Recently, a news story came out about a buyer on eBay who bought a fake watch on the site and had trouble getting his money back. The buyer goes on to talk about how hard it was to get his money back and how eBay made it hard to. Here is what you should do when you get scammed online or buy a counterfeit product. It will save you a lot of time, get your money back way faster, and you will not have to deal with website staff that may or may not help you.
If you bought a counterfeit product and need help or advice on how to get your money back, contact us. I will try to help if I can. You can drop a comment too.
When you first get a counterfeit product, do the following:
File a charge back with your credit card agency. A lot of people do not know what a charge back is, as I have had to tell many people about it when they ask me. A charge back is a dispute on a transaction that your credit card processed. Call your card company and tell them you got a counterfeit product. Many banks have a form online where you can challenge a transaction. Links are at the bottom of this post if you would like to read more about charge backs. Remember the following:
The bank will mostly likely give you instant credit for the item you bought. Most banks will not investigate the dispute if it is less then $100.
If the bank does not offer instant credit, or the item was over $100, they may investigate the claim. This is when tracking numbers come in. If the tracking number shows the item coming from China or a country known for exporting counterfeit merchandise, that sets off a red flag for the bank that the item was counterfeit.
You are under no obligation to send the fake/counterfeit item back, just make sure you know it is fake. You can if you wish, give it to law enforcement, or throw it away.
Do not file a dispute using Amazon’s A-Z or eBays program. Why?
Charge backs from banks can only be filed within 90 days of the transaction. Most banks offer 60 days. So if you waste your time going back and forth with the seller discussing who is right and wrong, you can easily wait a couple months before the dispute is resolved. If you lose that, your time limit to file with the bank is gone. You have no more options. This is why I suggest you call your bank. The number to call is on the back of your credit card, and most banks offer a web application to file a dispute, so you don’t even need to call. Citi Cards, Bank of America, I usually have to call. Amex has a online form and a call option.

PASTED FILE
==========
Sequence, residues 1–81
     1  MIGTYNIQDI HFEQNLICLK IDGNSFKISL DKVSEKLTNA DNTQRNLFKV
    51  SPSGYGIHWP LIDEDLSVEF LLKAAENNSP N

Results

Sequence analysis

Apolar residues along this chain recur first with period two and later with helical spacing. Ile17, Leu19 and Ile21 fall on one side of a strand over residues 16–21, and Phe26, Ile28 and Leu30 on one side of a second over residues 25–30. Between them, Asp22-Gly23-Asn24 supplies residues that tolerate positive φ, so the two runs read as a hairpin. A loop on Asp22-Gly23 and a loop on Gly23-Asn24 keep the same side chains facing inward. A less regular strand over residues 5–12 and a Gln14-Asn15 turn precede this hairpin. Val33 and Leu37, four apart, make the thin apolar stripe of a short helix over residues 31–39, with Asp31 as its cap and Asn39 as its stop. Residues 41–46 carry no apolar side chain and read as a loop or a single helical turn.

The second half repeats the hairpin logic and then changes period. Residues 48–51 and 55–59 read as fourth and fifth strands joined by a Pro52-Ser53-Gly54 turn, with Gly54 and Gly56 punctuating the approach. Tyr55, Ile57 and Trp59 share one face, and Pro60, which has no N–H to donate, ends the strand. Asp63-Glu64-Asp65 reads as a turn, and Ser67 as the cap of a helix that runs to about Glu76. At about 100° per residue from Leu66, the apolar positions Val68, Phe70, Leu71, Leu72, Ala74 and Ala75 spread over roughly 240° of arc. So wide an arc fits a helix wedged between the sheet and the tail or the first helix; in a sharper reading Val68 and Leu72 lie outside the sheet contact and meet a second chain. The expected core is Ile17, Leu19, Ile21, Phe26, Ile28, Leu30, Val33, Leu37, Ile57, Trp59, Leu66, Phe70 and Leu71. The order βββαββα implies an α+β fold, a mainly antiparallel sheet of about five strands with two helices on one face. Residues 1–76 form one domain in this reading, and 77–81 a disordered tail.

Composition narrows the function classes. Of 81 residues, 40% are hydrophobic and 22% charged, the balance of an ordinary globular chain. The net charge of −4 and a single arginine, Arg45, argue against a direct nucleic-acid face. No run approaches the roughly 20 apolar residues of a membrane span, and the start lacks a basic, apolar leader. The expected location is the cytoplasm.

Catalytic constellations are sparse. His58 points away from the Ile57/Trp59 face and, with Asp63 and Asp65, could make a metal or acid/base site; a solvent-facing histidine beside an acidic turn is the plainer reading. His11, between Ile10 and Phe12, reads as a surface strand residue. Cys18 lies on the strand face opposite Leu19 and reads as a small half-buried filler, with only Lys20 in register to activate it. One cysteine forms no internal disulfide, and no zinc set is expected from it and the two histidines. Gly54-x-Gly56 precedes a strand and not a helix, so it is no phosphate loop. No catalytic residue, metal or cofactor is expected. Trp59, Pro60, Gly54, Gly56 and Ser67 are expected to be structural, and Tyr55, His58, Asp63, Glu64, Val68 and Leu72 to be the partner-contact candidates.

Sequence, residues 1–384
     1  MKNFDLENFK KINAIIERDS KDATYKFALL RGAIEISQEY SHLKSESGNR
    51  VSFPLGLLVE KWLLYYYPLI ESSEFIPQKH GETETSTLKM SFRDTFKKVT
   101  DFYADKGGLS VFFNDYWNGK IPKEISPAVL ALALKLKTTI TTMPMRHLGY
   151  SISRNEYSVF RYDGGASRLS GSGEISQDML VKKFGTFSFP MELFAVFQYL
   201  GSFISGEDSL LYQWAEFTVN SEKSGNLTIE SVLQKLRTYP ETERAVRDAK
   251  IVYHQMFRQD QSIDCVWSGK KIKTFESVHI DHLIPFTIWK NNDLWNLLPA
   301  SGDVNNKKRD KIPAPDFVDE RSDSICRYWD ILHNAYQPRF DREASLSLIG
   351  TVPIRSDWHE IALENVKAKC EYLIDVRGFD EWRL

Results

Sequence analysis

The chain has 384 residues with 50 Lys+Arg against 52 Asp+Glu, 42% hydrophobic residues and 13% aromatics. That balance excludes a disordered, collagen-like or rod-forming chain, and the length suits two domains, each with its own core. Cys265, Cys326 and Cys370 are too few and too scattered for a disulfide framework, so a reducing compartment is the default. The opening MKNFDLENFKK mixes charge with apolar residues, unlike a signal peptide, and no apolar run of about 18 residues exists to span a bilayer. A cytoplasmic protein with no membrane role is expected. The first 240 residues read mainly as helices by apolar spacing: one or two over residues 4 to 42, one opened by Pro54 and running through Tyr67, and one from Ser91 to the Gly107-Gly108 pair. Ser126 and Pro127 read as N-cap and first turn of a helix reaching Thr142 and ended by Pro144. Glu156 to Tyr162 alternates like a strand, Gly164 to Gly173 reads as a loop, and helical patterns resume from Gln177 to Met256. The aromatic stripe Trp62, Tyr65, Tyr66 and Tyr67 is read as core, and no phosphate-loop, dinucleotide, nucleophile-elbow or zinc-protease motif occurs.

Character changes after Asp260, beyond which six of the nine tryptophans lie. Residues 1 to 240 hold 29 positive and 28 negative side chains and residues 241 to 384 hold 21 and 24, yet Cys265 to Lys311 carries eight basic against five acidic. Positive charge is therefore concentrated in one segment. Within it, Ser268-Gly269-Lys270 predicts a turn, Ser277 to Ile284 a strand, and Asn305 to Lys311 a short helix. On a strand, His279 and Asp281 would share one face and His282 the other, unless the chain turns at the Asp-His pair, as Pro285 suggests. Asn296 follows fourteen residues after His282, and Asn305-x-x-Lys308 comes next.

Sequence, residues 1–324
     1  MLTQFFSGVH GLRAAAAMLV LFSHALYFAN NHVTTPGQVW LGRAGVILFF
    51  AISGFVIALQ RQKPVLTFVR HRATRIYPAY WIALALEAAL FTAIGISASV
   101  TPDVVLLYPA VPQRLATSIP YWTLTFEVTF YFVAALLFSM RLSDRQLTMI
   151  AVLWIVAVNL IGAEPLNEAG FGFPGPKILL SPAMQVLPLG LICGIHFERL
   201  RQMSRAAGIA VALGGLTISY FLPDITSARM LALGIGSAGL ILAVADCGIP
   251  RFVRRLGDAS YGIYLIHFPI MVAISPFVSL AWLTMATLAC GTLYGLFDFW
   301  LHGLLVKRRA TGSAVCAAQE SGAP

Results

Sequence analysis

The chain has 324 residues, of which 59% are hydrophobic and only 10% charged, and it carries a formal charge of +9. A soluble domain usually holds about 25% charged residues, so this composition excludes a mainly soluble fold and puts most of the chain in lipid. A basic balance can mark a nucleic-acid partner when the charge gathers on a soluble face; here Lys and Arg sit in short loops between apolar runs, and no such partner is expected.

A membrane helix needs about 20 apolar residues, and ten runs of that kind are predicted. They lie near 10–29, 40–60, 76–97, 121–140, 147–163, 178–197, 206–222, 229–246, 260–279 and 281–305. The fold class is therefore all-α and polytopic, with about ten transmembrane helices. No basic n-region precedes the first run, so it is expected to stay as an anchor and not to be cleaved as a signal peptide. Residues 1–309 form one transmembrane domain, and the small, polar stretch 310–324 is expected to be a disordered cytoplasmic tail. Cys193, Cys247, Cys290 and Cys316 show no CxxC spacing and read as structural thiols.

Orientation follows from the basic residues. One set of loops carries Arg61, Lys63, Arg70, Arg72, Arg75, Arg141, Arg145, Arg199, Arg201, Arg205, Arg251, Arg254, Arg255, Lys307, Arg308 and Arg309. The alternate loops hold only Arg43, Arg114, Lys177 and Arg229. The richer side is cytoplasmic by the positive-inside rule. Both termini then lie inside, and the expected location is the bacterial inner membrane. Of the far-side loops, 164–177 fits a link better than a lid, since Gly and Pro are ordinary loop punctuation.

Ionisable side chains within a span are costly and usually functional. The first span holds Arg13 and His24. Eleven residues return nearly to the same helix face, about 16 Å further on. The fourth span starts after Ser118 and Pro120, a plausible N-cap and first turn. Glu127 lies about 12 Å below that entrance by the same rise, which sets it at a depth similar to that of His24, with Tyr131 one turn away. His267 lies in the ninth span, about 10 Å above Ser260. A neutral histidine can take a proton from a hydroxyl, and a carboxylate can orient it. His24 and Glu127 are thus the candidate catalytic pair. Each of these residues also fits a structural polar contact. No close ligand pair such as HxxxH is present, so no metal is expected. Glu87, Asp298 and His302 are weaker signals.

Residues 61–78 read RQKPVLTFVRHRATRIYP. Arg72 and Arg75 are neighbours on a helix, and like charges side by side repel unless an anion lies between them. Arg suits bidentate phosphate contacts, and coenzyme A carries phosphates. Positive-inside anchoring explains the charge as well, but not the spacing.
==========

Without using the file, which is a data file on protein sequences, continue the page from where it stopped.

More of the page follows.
Before starting Stigma Search, I ran a online business selling mobile accessories. I had to deal with charge backs, both from Amazon A-Z, and from banks. Take it from someone on the other side of the transaction when I say Amazon A-Z is a joke. Just call your bank instead. Yes A-Z works, but a charge back from the bank is a lot better and faster. All my friends who are in positions where they deal with charge backs agree. One of them owns a app that gets many transactions. So that means a lot of charge backs. He tells me all about them.
Banks usually side with the customer. There is a reason why I and many others love Amex.
As for eBay’s guarantee, I could scream on how annoying they made it. I once used it, as a buyer about 2 years ago. Never used it again since. I go straight to charge backs with my bank or card issuer.(Amex is not a bank). Just like the story about the buyer who bought a fake GI Vietnam era watch, eBay makes the process very long and annoying.
While you may not know the item you bought was fake until you got it, you can do certain things to protect yourself.